By Roberta Attanasio, Forever Leaders Editor
“The workplace, like almost all places where people interact, can be a petri dish of conflict. Offensive remarks, unrealistic demands, people taking credit for others’ work, bullying—the transgressions that occur can take many forms. They also have the potential to escalate out of control and permanently damage relationships.” Indeed, conflict in the workplace includes bullying. Although bullying and cyber bullying are generally viewed as a phenomenon that takes place mostly among children and adolescents, bullying frequently occurs among adults.
According to the Workplace Bullying Institute, workplace bullying is repeated, health-harming mistreatment of one or more persons (the targets) by one or more perpetrators. It is abusive conduct that is 1) threatening, humiliating, or intimidating or, 2) causes work interference—sabotage—which prevents work from getting done or, 3) includes verbal abuse. Workplace bullying is also defined as the repetitive and systematic engagement of interpersonally abusive behaviors that negatively affect both targeted individual and work organization.
A recent research article points out that workplace bullying affects approximately 11 percent of workers, often resulting in negative emotional/psychological, medical, and socioeconomic consequences.
Now, results from interdisciplinary research carried out by researchers at Aarhus University and at the University of Copenhagen show that men and women are similarly exposed to workplace bullying, with both genders reporting immediate negative health effects. Men, however, are slightly more exposed to physical intimidation than women. Interestingly, the researchers found that, in women, workplace bullying leads to a doubling of sickness absence, resulting in increased use of antidepressants and affecting women’s health negatively and for a long time. On the other hand, men are twice as likely to leave the labor market for a period of time after they have been subjected to bullying.
Tine Mundbjerg Eriksen, lead author of the study, said in a press release: “The million-dollar question is why men primarily react by leaving the workplace, while women react to bullying by taking prolonged sick leaves. If anything, this illustrates that men and women handle bullying differently.”
Given the serious consequences of workplace bullying on physical, emotional, social, and economic well-being, it is necessary to promptly identify its signs. In an article from last year, Joyce E. A. Russell lists some of the signs that a person is being bullied at work:
• Being excluded from team meetings or not being put on the schedule for important meetings (“Oh didn’t I put you on the boss’ schedule?”)
• Not receiving all of the necessary information to do the job effectively (“Oh, I didn’t give you that report last week… are you sure about that?”)
• Someone consistently taking credit for your work (“I created and organized the event” when it was a team project)
• Being gossiped about or someone spreading false rumors about you
• Someone sabotaging your work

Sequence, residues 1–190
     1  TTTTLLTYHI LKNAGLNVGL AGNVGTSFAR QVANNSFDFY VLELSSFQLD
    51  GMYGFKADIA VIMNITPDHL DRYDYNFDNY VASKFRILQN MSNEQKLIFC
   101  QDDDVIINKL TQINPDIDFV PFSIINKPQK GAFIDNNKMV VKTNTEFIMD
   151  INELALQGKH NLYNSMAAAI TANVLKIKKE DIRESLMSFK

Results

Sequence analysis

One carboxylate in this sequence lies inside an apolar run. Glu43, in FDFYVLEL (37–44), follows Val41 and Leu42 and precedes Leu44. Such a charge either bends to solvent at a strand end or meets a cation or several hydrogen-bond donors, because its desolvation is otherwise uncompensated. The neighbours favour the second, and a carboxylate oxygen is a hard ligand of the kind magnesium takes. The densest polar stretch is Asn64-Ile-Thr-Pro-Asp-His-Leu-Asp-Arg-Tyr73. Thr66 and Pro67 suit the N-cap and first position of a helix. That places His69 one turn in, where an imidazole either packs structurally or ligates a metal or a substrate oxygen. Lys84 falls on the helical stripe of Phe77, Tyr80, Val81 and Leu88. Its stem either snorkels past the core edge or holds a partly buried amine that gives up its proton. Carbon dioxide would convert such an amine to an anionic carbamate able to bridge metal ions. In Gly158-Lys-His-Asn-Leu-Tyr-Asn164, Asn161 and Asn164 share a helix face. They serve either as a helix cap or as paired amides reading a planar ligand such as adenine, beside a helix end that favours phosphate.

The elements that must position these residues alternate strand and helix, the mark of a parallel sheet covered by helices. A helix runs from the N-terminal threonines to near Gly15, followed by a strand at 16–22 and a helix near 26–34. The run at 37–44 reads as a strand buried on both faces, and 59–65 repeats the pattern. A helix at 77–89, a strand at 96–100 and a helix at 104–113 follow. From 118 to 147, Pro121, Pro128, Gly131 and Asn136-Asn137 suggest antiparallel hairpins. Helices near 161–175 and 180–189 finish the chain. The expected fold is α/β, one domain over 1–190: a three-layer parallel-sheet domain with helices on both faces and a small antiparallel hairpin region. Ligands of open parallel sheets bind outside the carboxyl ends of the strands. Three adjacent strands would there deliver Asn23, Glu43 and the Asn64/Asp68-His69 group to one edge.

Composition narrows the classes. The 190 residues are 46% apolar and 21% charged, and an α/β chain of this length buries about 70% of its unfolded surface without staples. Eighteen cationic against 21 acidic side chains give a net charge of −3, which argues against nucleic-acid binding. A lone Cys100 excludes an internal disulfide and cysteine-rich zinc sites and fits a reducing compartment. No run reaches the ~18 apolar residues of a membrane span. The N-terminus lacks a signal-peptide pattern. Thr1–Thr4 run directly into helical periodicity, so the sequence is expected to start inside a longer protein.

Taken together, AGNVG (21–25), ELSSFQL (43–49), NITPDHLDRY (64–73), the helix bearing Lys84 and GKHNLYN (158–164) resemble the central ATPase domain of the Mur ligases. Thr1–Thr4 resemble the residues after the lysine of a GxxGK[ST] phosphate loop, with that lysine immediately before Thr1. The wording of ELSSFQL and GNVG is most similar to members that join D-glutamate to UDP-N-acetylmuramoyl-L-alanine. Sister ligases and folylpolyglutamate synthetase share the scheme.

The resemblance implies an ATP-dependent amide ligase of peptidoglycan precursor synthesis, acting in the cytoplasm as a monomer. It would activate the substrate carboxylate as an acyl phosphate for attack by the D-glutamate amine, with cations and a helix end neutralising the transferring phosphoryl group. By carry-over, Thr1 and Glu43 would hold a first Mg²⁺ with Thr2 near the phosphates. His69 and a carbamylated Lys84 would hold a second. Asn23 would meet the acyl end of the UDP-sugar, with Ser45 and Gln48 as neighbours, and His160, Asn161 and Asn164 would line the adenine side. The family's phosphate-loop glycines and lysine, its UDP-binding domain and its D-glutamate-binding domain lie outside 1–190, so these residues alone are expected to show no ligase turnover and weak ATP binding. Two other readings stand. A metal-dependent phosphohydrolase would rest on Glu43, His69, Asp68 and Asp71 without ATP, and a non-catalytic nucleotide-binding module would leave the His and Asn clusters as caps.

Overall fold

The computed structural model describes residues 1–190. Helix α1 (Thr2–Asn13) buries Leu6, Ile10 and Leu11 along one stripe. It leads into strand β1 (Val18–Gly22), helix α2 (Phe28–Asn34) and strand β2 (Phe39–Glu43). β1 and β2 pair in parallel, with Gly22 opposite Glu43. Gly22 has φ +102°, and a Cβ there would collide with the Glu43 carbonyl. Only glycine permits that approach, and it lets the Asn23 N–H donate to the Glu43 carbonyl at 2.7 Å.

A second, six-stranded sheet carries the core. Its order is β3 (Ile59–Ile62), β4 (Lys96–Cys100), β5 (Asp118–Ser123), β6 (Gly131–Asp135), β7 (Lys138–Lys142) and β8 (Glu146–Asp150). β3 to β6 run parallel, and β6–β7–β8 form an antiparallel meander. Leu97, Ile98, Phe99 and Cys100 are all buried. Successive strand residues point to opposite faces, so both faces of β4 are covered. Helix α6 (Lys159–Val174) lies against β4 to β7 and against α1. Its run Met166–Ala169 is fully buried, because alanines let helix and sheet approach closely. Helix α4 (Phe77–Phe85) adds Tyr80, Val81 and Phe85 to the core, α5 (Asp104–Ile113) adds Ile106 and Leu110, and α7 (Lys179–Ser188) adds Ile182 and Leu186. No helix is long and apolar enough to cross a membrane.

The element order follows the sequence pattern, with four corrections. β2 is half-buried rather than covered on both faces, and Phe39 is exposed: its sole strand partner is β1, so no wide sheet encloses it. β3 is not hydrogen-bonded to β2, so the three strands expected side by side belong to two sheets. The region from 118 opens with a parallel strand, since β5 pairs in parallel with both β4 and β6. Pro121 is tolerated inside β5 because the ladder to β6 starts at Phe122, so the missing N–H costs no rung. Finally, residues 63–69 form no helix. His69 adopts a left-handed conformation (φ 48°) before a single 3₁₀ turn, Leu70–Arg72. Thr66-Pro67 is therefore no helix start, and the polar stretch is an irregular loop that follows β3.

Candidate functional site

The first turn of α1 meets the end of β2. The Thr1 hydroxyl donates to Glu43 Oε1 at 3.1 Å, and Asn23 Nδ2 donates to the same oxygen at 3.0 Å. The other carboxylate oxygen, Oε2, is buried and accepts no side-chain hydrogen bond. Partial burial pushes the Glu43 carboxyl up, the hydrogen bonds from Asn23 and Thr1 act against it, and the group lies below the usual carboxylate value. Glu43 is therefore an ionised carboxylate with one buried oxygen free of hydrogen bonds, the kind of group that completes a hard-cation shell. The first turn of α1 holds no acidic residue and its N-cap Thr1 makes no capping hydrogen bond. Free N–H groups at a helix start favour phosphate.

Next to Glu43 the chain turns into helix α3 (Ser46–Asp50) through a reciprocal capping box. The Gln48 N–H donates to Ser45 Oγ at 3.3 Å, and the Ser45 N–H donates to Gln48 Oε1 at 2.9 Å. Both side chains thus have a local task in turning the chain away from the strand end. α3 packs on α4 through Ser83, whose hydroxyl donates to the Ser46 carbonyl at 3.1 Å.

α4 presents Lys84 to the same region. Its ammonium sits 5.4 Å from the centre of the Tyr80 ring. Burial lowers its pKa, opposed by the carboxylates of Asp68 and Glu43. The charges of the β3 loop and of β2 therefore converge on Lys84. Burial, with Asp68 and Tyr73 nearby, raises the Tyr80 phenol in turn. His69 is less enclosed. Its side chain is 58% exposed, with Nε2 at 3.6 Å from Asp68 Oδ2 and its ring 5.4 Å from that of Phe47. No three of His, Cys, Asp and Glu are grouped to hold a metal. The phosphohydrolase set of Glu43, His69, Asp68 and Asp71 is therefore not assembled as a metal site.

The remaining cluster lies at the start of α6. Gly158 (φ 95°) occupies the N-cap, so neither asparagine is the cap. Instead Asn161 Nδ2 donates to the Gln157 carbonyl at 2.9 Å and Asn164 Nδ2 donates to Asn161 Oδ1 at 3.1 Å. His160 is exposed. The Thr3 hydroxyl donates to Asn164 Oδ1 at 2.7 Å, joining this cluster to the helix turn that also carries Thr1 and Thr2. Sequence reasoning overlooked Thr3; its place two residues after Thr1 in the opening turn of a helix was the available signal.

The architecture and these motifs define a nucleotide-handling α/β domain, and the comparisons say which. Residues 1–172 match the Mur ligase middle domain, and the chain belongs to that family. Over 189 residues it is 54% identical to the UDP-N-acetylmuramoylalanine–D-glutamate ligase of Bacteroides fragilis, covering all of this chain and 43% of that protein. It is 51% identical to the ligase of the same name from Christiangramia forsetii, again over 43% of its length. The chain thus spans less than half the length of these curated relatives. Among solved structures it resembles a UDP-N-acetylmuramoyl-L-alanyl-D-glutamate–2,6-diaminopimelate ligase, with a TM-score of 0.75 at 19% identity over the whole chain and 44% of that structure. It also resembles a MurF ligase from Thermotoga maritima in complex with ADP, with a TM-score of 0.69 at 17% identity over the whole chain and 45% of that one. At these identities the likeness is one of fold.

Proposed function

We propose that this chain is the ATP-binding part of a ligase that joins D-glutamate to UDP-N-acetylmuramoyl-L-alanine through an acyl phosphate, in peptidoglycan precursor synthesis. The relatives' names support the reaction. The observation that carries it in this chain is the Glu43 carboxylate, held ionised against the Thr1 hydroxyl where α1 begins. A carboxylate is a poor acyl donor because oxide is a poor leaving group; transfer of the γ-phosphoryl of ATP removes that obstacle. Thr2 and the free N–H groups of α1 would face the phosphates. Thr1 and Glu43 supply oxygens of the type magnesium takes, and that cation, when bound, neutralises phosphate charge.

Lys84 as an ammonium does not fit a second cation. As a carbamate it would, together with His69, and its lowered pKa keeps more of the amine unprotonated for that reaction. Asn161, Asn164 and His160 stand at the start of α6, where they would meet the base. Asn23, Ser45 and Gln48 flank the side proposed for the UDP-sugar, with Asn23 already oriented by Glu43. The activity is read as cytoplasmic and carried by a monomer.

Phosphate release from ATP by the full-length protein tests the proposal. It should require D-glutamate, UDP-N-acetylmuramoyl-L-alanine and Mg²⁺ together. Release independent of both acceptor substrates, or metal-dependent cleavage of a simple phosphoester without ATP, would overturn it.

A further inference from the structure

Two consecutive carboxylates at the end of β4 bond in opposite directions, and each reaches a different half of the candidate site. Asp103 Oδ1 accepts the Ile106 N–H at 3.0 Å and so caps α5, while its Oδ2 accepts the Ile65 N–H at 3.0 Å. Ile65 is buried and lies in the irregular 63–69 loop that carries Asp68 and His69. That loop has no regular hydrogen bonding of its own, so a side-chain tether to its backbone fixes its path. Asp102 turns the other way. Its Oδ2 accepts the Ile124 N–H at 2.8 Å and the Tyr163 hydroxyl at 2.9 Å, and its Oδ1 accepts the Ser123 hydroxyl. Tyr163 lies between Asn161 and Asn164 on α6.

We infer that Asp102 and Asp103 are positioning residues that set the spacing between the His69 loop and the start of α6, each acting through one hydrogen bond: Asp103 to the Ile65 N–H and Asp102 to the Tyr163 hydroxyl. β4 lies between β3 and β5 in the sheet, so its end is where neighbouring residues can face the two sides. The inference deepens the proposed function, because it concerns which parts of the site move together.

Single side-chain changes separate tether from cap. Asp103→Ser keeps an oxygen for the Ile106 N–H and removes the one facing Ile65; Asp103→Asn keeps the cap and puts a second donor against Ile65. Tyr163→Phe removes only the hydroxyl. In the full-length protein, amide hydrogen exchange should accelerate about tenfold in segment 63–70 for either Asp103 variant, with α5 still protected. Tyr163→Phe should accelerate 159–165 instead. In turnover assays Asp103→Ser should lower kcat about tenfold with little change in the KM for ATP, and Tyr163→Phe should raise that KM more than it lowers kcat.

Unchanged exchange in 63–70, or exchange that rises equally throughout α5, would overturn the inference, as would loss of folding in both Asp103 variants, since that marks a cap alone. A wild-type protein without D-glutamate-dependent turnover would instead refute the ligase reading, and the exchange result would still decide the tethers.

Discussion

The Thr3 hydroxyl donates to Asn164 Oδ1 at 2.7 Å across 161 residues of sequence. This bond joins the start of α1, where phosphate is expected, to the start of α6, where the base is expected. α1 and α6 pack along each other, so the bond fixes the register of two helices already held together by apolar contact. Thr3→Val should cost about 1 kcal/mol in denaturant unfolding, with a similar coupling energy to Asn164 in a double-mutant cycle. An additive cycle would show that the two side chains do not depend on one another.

• Someone belittling your work (“he/she only worked a few hours on this project”)
• Someone swearing or yelling at you in a public venue
• Scathing or inflammatory emails blaming you for a problem or issue
• Bringing up your mistakes over and over again (especially in front of others)
• Isolating you by not being accessible or limiting your access to others
• Micromanaging you and thereby showing distrust in your skills no matter how successful you have been
What can be done about workplace bullying? The answer is to take immediate action. However, immediate action can be taken only if everyone within an organization is trained to recognize bullying and knows how to report it. Additional training and support should be provided on how to recover from bullying and how to prevent it.
Copyright © 2016-2018 Forever Leaders.
I feel that it is ashamed that bullying is taken place in the workplace. I feel as if bullying is for middle school and teenage children; therefore, we should be mature as adults strive away from bullying. This article simply shows how men and women both handle situations differently. Women would rather go on a temporary leave from the job, while men would leave the job all together and find employment else where. Bullying is immature and its ashamed that women would rather waste their sick days than put up with bullying at their work environment. People should come to work and do their job and stop focusing on what other people are doing.
I think that women may just leave because they are more tolerant than men in some ways. Women leave for a couple of days of a week to get their thoughts together while men are basically like “I don’t have to deal with this”. Bullying in the workplace is an issue that needs to be tackled for many reasons, the main being that work provides a substantial amount of stress for most people so adding even more can be detrimental to personal health. Women are more susceptible to these effects than men because they stay and this could even be one of the reasons that women are two times more likely than men to become depressed.
A study across 48 countries over the gender confidence gap determined that in every country studied men overall have more self-esteem than women. So since men seem to regard themselves leave situations where they feel they are disrespected.